Maybe it's my mindset from having been raised Protestant, or my Convert Zeal, (though my husband is a cradle Cath, and he shares my hunger for learning), but we will seek out and follow good teachers/homilists. Because they aren't coming to us. We have been astonished, incredulous and scandalized at times at what we have heard from the pulpit. From the ridiculous to the sublime, as it has been said. To me, the teaching is an important part of the Mass, though it is optional in the Catholic church. At least on weekdays.
    The other fact, sadly, is that so many of the faithful were poorly catechized (sp?) and we ALL need good, solid teaching. Incidentally, I find that the more orthodox the parish/priest, the better the teaching. I now attend a traditional Latin Mass, and that's where I am most at home.

    1. Sorry it took me three years to respond, Theresa! I loved your comment because it reminds me so much of what I hear many converts say. Even though I'm not Roman Catholic, I faced a similar transition when I started attending Episcopal churches. The poor catechesis is not just a Catholic problem, unfortunately....

  5. Caroline, I must ask you, why do you shy away from some of the truths of scripture, that you highlighted in italics? Note, I say some. I agree that many pastors are not fit to be pastors. I don't believe that any person's words are infalliable, only God's Word is.

    One terrifying truth is that God is holy, holy, holy (Rev 4:8, Is 6:3). When Jesus died on the cross, atoning once and for all for the sins of those who would believe in Him (Heb 7:25, 9:12), He tore the temple veil behind which only the high priest once a year could enter, the Holy of Holies or the Most Holy Place, signifying that through Him and His blood alone those saved by Him can enter into God's presence- the Holy of Holies. It took God Himself to offer His own blood so that God's wrath could be satisfied towards those who would believe in Him, and to allow them into His presence- albeit only being clothed in Christ's righteousness.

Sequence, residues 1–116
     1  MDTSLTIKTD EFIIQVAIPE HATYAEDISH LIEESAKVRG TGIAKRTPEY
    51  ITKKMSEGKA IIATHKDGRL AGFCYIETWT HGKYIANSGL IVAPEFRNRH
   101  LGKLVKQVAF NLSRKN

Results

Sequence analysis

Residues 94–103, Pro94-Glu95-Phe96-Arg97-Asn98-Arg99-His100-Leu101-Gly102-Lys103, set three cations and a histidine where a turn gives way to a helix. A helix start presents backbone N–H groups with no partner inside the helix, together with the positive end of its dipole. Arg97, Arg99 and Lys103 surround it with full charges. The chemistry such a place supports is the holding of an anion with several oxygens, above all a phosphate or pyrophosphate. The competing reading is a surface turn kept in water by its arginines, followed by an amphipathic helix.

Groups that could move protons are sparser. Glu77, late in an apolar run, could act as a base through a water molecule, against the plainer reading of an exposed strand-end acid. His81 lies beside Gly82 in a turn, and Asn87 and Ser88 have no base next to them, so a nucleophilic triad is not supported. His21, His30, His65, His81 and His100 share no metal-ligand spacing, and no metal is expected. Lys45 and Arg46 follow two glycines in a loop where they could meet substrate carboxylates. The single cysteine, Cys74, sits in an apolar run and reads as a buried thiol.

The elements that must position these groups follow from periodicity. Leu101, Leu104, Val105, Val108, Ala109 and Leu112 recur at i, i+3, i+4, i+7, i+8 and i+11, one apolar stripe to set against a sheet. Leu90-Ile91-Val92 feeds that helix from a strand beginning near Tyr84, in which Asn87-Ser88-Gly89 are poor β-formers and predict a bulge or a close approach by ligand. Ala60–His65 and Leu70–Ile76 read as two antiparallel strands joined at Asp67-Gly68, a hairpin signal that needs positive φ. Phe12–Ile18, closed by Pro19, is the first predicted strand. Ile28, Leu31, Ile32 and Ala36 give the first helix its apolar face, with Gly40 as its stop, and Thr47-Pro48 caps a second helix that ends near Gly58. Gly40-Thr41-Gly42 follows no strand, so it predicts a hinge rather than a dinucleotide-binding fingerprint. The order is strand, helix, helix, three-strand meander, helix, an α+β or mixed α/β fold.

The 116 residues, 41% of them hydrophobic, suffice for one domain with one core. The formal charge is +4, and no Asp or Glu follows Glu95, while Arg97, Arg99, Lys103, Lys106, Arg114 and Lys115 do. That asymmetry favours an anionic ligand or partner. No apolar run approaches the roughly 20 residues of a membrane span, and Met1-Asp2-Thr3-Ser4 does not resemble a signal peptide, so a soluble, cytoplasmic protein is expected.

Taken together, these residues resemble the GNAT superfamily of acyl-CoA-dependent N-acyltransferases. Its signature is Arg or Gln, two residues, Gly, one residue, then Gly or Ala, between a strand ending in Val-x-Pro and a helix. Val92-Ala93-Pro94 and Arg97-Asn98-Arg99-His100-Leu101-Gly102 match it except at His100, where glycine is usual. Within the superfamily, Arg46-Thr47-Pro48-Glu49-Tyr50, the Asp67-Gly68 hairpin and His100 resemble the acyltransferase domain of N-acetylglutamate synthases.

A lot of the truths found in scripture are not easy to take, especially when it says for example "It is a fearful thing to fall into the hands of the living God." (Heb 10:31). These things must be handled with fear and trembling. If we are uneasy with these truths, if they are hard to hear, we should examine why we are afraid. Are we truly right with God if we find these things "damaging", could this be fear ( I speak of the fear as in 1 Jhn 4:8 "There is no fear in love; but perfect love casteth out fear: because fear hath torment. He that feareth is not made perfect in love." The context of this is not fearing God's judgement, having confidence in Christ alone of salvation. I would advise you to read all of 1 John).

    I'm not writing this to undermine grace or God's love, mercy and kindness. However, we must understand God's holiness and how greatly we should fear standing before Him without being clothed in Christ- only then can we truly praise God for what a salvation! Praise God for His grace, that He pardons guilty sinners through His Son's blood! We must have such a high view of God, and a low view of ourselves.

    Please correct me if I made any incorrect assumptions. I'll be honest and let you know that I'm concerned about some of the things I've read that you've written, and I'm wondering if you understand what the Bible says the Gospel is and how the Bible says we are saved. I would love to start a dialogue with you, if you like to. I'm a straight shooter, so please don't be put off by my bluntness. I pray I'm being gentle, yet seasoned with salt. I would be greatful if we could converse respectfully and honestly about these things. I don't want to just "comment and dash". Let me know if you're interested.


    1. Hi Sarah,

      I have appreciated your openness to dialogue, truly. However, I will be honest and tell you that at some point I may simply say well, we just think different things. I say this not to offend you but because my emotions are pretty fragile right now; I checked myself into a mental health hospital last week and just got out this Monday due to suicidal inclinations. So... my first priority is my own stability and sanity. For that reason, I'm not going to try and prove that I'm saved, since trying to prove this to others is a huge trigger for me (as the above article discussed). Once I'm in a more healthy, stable place I would be glad to dialogue on that level. For the time being, we should perhaps limit ourselves :)